Chuck Feeney's behind-the-scenes impact predated Bill Gate's more transparent support for public philanthropy. I think it is safe to say that researching Chuck Feeney's history led me to add Nonprofit Organizations Law to my teaching package (which includes Elder Law, of course) at Penn State Law. I wanted to know more about whether and how NPOs based in the US can maximize their impact.
I thought that we already knew more or less the whole story of Atlantic Philanthropies, especially as the foundation was slated to go out of existence with a "spend-down" giving plan that would exhaust its multi-billion dollar endowment by approximately 2017.
It turns out there is more to the story, including a recent struggle for control over Atlantic Philanthropies that goes to the heart of 82-year-old Chuck Feeney's original vision. That story is now being told, again by Conor O'Clery, in a new edition of The Billionaire Who Wasn't and excerpts recently released in the Irish Times newspaper. Even if you have not seen the movie Jobs, about Steve Jobs at Apple Computers, you can imagine the conflict that can develop when you combine innovative "genius" and for-profit corporate policy-makers; it appears the intrigue can be just as great in the world of nonprofit foundations.
Hat tip to Una Lynch in Northern Ireland for alerting me to the latest news on Chuck Feeney and Atlantic Philanthropies.
Tuesday, March 16, 2010
Here’s what you’ll find:
Its All About the Money: Potential Repercussions of Denying Disabled Veterans the Freedom to Hire an Attorney
By Benjamin W. Wright
Sentencing Elderly Criminal Offenders
By Dawn Miller
Biting the Bullet: Applying the Objective Test for Terminating Treatment in Cases Involving Incompetent Patients
By Caroline Klosko
Reverse Mortgages and the Challenges of the Current Financial Crisis
By Paul V. Black
Interests in Stark Conflict: The Case for Congress to Close the Stark Law’s Whole Hospital Loophole
By Michael J. Ritter
What Happens to the Correctional System When a Right to Health Care Meets Sentencing Reform
By Stacy L. Gavin
The Current Challenges of Long-Term Care Insurance and Solutions for the Future
By Erin K. Ferris
State of Flux: Older Refugees in the United States
By Jennifer Harry
You can also access the 2009 NAELA Student Journal through the NAELA web site, http://www.NAELA.org. Log on to the site and look under Members>Communications>Publication for the 2009 NAELA Student Journal as well as the archives of NAELA News and NAELA Journal.
The NAELA Student Writing Competition is meant to encourage law students to focus on the issues of Elder and Special Needs Law as a legal specialty. Submissions can address any topic regarding legal issues affecting seniors or people with disabilities. For more information, go to http://www.NAELA.org and look under Professionals>Law Students>Student Writing Competition.
Wednesday, February 17, 2010
The Indiana State Bar Association and the Indiana Bar Foundation are pleased to announce that the Indiana Laws of Aging handbook, formerly known as the Legal Reference for Older Hoosiers, is available for purchase at a minimal price!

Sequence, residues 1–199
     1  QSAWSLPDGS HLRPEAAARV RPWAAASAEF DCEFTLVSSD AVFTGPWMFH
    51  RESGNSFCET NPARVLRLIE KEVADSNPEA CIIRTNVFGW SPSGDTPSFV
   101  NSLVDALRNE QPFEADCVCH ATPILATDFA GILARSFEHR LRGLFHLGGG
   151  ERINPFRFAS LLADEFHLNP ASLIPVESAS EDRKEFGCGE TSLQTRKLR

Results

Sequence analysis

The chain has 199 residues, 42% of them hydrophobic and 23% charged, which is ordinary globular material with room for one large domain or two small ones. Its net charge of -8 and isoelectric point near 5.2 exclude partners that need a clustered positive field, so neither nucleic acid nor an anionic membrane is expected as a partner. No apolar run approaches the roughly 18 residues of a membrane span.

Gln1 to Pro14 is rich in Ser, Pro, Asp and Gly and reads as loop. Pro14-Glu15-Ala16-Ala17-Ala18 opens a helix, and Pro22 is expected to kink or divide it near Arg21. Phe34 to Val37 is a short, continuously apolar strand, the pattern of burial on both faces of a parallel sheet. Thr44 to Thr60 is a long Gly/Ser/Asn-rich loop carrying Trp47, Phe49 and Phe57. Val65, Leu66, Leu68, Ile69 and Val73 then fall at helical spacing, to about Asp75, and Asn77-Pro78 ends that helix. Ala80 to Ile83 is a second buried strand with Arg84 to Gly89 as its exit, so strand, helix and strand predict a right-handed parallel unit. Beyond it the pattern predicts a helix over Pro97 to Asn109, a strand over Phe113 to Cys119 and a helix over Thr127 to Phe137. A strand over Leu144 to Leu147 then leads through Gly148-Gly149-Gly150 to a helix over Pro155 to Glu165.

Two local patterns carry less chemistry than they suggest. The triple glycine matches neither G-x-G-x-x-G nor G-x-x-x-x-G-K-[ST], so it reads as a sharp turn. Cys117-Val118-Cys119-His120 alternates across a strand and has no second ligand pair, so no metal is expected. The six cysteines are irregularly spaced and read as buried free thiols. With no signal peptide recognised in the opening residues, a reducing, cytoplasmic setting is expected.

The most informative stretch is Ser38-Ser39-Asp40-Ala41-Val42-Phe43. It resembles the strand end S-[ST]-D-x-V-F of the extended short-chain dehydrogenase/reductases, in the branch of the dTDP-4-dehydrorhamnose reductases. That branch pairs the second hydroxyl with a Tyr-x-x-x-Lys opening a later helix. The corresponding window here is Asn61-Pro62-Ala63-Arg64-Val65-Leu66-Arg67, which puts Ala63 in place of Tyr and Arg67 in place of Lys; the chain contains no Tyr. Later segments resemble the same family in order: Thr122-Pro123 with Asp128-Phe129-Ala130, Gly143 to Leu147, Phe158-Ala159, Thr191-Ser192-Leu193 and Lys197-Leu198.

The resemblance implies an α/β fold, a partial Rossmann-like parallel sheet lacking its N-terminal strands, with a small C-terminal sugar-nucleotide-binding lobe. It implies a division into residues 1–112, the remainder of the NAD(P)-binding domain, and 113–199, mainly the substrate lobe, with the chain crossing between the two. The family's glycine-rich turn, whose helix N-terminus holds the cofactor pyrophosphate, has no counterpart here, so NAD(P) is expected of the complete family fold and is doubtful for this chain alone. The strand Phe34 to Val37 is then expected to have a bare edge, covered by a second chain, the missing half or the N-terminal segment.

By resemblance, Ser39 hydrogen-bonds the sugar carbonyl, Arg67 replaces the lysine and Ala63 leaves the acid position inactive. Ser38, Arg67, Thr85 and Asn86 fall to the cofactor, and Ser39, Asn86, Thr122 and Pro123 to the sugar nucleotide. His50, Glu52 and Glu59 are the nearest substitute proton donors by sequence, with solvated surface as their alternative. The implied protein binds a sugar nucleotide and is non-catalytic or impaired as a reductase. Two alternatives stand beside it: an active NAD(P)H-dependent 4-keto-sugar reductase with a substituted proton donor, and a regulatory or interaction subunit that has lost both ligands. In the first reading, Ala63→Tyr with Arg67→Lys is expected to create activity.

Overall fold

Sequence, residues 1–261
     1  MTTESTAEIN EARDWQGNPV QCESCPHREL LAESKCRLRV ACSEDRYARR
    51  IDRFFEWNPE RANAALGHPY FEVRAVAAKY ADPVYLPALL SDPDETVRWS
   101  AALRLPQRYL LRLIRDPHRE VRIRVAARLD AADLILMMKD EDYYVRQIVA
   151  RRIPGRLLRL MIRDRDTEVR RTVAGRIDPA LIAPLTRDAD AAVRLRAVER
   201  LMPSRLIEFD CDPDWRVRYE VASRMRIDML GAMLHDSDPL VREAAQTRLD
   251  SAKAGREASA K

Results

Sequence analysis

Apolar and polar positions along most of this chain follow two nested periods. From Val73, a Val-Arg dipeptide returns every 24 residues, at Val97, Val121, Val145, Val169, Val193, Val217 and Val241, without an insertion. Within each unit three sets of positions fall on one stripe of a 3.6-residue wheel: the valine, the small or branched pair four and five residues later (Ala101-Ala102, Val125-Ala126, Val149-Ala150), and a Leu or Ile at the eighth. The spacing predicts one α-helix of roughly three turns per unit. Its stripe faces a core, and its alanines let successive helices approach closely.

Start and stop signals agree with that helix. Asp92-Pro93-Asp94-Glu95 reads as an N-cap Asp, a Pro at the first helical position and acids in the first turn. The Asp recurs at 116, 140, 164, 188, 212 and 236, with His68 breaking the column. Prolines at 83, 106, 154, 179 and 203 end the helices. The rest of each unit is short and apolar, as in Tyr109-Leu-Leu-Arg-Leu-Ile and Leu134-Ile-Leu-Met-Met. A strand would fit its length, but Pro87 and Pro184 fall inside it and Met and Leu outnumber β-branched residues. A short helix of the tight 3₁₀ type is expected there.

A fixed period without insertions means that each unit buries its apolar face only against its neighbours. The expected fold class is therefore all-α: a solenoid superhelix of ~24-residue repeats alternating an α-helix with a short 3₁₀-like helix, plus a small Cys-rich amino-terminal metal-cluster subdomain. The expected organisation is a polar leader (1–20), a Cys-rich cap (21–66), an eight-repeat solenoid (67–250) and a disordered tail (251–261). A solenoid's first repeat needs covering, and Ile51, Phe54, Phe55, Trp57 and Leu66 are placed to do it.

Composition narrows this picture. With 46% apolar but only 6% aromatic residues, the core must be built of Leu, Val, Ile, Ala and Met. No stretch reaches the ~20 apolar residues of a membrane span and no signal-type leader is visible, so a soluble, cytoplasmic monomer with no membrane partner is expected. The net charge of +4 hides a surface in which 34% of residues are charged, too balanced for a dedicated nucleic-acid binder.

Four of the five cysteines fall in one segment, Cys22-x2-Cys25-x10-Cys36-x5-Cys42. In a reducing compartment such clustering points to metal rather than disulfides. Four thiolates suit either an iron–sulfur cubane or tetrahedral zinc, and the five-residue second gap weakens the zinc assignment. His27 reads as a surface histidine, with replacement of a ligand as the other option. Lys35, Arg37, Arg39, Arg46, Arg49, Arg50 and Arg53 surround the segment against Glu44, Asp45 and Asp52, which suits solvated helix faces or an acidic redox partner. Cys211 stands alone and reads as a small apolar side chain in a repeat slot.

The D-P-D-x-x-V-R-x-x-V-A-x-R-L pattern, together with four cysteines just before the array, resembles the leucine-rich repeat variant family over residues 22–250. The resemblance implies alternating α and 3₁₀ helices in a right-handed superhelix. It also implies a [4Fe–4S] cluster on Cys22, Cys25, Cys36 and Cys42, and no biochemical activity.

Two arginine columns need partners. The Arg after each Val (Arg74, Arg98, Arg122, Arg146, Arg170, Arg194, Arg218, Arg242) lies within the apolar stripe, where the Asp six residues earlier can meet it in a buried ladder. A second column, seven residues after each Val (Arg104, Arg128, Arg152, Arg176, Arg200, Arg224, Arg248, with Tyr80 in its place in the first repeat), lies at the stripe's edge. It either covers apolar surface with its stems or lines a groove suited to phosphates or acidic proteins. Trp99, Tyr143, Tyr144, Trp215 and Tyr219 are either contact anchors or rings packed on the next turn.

Members of the following ISBA sections, which supported the publication's printing, have received a complimentary copy of the handbook: Elder Law Section, Family & Juvenile Law Section, General Practice, Solo & Small Firm Section and the Probate, Trust & Real Property Section.
Additional copies of this publication can be purchased for just $1.50 (plus shipping). The handbook is also being widely distributed to elder law programs throughout the state at no cost.
To purchase a copy of the Indiana Laws of Aging handbook, please fax the order form to 317.266.2588.
To view an electronic copy of the handbook, visit the Indiana Bar Foundation Web site, www.inbf.org, and click on the Laws of Aging button on the left-side column of the IBF home page
Monday, February 15, 2010
PROVIDENCE, R.I. —The cat’s uncanny. It knows when death approaches.
At first this was just a curious observation. Now it’s an undeniable conclusion, first published two years ago in a medical journal and now in a new book that came out last week: “Making Rounds with Oscar: The Extraordinary Gift of an Ordinary Cat.” (Hyperion, $23.99).
Oscar is the cat. David Dosa is the author and the doctor. And it would be a mistake to assume from the title that Oscar merely accompanies Dosa at Steere House in Providence, which cares for patients with terminal dementia.
“It’s definitely his world,” Dosa says. “He just lets us work there.”
Oscar lives at the nursing home. And in his roughly five years there, Oscar has sensed the imminent deaths of some 50 patients whom he insisted on sitting beside and keeping company as their lives came to a close.
“It’s not like he dawdles,” Dosa writes. “He’ll slip out for two minutes, grab some kibble, and then he’s back at the patient’s side. It’s like he’s literally on a vigil.”
Dosa is an assistant professor of medicine at Brown University. He has faith in science, not in a cat. Well, that was once the case. Dosa’s faith has been shaken.
“My own intellectual vanity made it easier for me to reject the notion that some errant feline could know more than we as medical staff did,” Dosa writes. “I felt strangely elated by the notion that I could be completely wrong.”
A few years ago Dosa realized he was completely wrong. Two patients on opposite sides of the nursing home were dying. A female staff member who earlier noticed Oscar’s aptitude to sense the onset of death took Oscar out of one patient’s room and brought him to the room of the other patient who was regarded as more deathly ill.
To read more about Oscar the Cat, http://www.projo.com/lifebeat/content/artsun-oscar_01-31-10_61H80A6_v26.3a627cd.html